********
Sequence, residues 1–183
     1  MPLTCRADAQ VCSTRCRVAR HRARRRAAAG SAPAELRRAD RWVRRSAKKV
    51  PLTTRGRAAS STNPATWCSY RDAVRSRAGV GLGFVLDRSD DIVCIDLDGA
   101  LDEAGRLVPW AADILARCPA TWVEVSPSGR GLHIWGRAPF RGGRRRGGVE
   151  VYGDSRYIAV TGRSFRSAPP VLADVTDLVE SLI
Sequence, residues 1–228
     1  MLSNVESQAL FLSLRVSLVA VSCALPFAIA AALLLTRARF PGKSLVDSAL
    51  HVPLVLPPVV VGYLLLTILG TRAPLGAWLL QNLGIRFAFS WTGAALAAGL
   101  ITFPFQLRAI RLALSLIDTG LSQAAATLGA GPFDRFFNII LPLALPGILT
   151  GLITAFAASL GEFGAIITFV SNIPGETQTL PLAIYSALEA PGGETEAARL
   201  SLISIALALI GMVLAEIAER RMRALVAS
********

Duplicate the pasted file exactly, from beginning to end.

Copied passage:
Sequence, residues 1–183
     1  MPLTCRADAQ VCSTRCRVAR HRARRRAAAG SAPAELRRAD RWVRRSAKKV
    51  PLTTRGRAAS STNPATWCSY RDAVRSRAGV GLGFVLDRSD DIVCIDLDGA
   101  LDEAGRLVPW AADILARCPA TWVEVSPSGR GLHIWGRAPF RGGRRRGGVE
   151  VYGDSRYIAV TGRSFRSAPP VLADVTDLVE SLI
Sequence, residues 1–228
     1  MLSNVESQAL FLSLRVSLVA VSCALPFAIA AALLLTRARF PGKSLVDSAL
    51  HVPLVLPPVV VGYLLLTILG TRAPLGAWLL QNLGIRFAFS WTGAALAAGL
   101  ITFPFQLRAI RLALSLIDTG LSQAAATLGA GPFDRFFNII LPLALPGILT
   151  GLITAFAASL GEFGAIITFV SNIPGETQTL PLAIYSALEA PGGETEAARL
   201  SLISIALALI GMVLAEIAER RMRALVAS